A critical evaluation of students' attitudes to electronic learning at the University of Chester
AuthorsRayner, Linda A.
AdvisorsShaylor, Jan P.
Wheeler, Timothy J.
MetadataShow full item record
AbstractThe research described in this thesis reports the results of a study into the adoption of e-learning strategies based on the use of the World Wide Web (WWW) and Internet. Through an extensive and critical literature review, it exemplifies how higher education uses intranets to deliver learning and support services to their student population. The overall aim of this research was to investigate how e-learning at the University of Chester might more effectively support students' learning needs, thereby improving their experience of e-learning. Students were given a mode of study, either face-to-face (64 subjects) or experimental using online intranet delivery (66 subjects). The course used for this study was a 13 week, Level Two undergraduate computer course taken by non-computing students. Quantitative and qualitative data were collected and analysed. The results reveal significant differences between the performance of the e-learning and face-to-face groups with e-learning students performing poorly when compared to their face-to-face peers. A lack of responsiveness in tutor support and student motivation were established as being major contributing factors as well as differences in the students' individual learning profiles. The research concludes that e-learning, although promoted as being anytime and anywhere is limited in its flexibility and responsiveness in the context in which it was assessed. Most e-learning activities at the University of Chester can be described as 'one size fits all'. They require students to read printed text, carry out further work, research or exercises, and post written comments to a discussion board. There is little evidence that individual student needs and preferences are being considered or supported. With the move towards blended learning in educational institutions, e-learning strategies are being used as a regular part of the curriculum to enhance the student experience. This research provides alternatives for the development and delivery of more individually tailored e-learning courses and provides strategies for supporting students in virtual environments more effectively. The thesis concludes by proposing a new model for e-learning based on these results coupled with a self-critical review and proposals for further research.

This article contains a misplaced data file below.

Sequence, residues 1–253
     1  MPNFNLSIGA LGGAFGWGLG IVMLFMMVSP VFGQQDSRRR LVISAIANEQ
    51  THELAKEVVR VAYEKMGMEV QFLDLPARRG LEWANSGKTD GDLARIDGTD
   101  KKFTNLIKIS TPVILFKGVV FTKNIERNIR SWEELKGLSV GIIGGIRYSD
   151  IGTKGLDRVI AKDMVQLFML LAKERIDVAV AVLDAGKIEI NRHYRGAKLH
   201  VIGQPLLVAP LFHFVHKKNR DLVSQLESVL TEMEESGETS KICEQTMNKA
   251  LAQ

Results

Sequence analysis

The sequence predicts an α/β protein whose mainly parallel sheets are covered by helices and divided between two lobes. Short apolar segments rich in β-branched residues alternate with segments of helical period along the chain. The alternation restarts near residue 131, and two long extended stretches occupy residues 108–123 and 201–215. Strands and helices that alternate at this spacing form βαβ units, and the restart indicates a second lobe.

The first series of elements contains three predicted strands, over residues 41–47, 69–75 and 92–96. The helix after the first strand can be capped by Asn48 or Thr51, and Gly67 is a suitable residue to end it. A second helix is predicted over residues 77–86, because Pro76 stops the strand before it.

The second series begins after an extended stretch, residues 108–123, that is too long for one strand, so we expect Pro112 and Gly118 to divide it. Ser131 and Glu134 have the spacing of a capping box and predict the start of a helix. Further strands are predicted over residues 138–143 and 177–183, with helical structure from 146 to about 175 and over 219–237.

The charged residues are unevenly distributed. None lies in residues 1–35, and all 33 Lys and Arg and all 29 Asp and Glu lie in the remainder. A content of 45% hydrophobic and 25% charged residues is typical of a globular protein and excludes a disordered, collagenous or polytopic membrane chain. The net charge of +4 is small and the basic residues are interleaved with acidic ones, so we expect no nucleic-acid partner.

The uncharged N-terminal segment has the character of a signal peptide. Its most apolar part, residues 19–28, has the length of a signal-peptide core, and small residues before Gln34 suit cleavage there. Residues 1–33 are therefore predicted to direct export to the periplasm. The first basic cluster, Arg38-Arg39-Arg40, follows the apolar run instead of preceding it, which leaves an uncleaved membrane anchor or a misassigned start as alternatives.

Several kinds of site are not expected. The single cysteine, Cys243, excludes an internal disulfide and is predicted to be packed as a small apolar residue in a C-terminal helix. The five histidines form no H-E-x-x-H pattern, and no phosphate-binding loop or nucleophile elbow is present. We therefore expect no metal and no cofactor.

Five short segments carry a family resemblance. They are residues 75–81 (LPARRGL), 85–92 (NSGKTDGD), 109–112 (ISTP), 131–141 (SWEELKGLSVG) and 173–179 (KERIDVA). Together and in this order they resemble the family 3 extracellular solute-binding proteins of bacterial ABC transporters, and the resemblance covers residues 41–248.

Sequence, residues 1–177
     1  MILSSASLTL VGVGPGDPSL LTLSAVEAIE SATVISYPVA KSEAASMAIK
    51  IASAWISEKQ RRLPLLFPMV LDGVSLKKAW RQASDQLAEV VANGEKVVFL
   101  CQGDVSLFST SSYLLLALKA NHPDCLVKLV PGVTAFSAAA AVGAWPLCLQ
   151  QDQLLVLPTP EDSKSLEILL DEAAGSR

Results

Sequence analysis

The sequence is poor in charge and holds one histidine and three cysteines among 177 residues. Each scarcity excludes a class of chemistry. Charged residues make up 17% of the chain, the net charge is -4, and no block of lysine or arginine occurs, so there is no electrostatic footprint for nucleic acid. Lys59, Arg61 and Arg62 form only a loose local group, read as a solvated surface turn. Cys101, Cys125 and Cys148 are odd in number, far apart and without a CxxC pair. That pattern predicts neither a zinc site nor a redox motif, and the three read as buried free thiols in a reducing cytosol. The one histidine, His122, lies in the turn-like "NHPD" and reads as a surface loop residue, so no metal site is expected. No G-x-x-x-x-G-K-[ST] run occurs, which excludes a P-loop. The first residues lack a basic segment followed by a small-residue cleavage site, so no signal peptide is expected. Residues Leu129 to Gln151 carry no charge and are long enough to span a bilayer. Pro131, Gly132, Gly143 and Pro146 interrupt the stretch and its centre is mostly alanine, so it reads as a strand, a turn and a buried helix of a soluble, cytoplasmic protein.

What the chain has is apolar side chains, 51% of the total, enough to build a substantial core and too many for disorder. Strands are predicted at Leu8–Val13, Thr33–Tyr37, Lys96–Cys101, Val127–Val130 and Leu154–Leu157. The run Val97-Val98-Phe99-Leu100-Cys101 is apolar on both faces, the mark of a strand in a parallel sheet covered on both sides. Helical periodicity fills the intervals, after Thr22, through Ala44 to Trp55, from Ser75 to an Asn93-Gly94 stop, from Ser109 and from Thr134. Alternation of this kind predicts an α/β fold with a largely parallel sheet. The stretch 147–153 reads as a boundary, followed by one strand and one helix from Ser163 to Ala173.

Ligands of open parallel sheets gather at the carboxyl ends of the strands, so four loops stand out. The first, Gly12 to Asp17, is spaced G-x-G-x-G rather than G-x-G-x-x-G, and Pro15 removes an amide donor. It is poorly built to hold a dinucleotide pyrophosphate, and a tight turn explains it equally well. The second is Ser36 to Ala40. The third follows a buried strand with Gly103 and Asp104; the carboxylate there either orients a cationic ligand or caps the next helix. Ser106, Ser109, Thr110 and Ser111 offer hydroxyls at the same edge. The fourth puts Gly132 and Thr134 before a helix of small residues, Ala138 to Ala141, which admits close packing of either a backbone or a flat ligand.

TypeThesis or dissertation
DescriptionThe appendices are not included due to data protection issues.
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